The research has been supported by The Microfibre Consortium who work with the textile industry to minimise fibre fragmentation and release to the environment.
It has been rolled out to the Consortium’s membership, which includes clothing brands, retailers and textile manufactures and is now pending commercial roll-out, which will result in the adoption of standard measurement across the industry. The method is also being considered by European and international standards organisations.
Washing machines vary greatly in terms of spin speed, cycle duration, and water use. As these factors have a major impact on microplastic release, a test method based on using different machines was inherently inconsistent.
“The new test uses a system called ‘gyrowash’ that replicates the actions found in a range of washing machines,” said Dr Sumner.
“Using this one system means we have confidence that the results we get are representative and reliable – we can use this method to compare results across a very broad range of fabric types as we explore solutions to microfibre release.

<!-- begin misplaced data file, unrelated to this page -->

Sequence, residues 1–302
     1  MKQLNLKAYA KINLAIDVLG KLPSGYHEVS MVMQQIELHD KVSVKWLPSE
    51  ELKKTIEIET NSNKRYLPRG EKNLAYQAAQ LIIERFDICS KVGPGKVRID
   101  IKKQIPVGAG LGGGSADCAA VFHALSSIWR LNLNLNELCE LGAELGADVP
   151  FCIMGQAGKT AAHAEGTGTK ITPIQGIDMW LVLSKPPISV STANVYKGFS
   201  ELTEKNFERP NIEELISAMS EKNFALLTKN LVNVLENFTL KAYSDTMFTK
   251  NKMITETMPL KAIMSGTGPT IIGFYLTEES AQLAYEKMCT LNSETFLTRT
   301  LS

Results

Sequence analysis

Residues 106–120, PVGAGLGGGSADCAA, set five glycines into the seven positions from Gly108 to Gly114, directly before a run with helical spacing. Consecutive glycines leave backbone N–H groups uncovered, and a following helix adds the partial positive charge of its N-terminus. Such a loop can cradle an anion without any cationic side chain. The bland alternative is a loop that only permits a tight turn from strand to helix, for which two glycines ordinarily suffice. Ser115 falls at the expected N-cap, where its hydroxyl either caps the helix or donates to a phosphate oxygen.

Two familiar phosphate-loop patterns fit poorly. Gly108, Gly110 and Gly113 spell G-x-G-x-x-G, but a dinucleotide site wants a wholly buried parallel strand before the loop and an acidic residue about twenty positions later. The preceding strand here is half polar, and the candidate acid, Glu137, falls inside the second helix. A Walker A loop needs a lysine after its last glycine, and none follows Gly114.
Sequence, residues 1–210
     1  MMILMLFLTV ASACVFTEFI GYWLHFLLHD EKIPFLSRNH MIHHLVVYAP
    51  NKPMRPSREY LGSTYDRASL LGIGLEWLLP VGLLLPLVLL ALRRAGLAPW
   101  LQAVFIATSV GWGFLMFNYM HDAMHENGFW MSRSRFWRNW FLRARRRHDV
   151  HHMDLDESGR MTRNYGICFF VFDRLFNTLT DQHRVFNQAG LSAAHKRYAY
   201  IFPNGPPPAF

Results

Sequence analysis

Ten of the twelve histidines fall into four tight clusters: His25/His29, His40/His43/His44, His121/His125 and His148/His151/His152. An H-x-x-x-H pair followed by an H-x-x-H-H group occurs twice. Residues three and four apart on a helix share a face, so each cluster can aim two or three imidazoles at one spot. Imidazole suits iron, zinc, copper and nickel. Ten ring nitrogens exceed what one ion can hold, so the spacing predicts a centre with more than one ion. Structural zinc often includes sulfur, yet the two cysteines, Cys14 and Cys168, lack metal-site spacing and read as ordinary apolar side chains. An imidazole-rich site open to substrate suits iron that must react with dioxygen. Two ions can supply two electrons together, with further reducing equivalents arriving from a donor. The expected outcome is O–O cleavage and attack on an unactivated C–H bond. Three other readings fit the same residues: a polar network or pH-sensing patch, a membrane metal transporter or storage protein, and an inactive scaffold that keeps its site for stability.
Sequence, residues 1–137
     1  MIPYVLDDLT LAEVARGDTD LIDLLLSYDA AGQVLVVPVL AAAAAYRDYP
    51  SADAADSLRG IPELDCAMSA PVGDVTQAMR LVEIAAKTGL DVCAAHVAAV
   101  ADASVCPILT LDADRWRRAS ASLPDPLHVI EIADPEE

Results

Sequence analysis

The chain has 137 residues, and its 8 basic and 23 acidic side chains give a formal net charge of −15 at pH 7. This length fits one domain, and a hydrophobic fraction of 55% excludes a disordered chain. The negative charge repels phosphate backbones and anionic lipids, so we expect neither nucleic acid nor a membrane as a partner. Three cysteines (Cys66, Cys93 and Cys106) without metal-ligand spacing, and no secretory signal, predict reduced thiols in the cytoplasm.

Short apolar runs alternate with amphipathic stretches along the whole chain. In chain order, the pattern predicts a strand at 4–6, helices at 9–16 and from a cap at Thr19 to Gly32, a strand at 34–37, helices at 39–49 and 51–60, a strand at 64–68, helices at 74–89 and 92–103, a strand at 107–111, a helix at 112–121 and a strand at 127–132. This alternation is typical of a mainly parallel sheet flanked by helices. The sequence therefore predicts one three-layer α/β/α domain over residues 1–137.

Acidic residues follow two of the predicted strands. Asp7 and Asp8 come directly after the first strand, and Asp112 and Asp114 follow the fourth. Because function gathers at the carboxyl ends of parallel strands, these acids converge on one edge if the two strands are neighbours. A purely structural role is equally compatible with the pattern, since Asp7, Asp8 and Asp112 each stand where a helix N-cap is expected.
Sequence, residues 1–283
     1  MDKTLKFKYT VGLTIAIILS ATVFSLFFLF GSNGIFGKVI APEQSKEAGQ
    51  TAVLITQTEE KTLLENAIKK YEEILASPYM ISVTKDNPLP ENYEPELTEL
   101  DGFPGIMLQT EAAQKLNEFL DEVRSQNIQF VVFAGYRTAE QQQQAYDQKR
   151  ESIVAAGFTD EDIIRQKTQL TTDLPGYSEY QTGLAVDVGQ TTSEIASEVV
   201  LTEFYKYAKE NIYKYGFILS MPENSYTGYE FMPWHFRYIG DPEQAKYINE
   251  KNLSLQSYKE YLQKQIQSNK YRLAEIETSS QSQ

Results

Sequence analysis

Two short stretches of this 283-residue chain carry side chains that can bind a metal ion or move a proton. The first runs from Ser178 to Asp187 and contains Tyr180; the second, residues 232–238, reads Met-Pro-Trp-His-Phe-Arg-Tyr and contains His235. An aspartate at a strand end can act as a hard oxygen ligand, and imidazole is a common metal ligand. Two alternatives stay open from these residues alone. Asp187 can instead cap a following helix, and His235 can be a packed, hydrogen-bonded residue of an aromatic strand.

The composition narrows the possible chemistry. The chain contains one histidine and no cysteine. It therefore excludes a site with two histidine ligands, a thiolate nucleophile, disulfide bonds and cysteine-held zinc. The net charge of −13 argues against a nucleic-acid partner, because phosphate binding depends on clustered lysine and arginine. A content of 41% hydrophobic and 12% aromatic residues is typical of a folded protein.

“We can’t assess and compare microfibre release across the industry without a reliable test. We hope that this method will provide the basis for determining the scale of microfibre release as well as help in the process for finding solutions to microfibre pollution.”
The School of Design has confirmed a further three years of funding from The Microfibre Consortium to research the mechanisms that impact microplastics release and to explore solutions.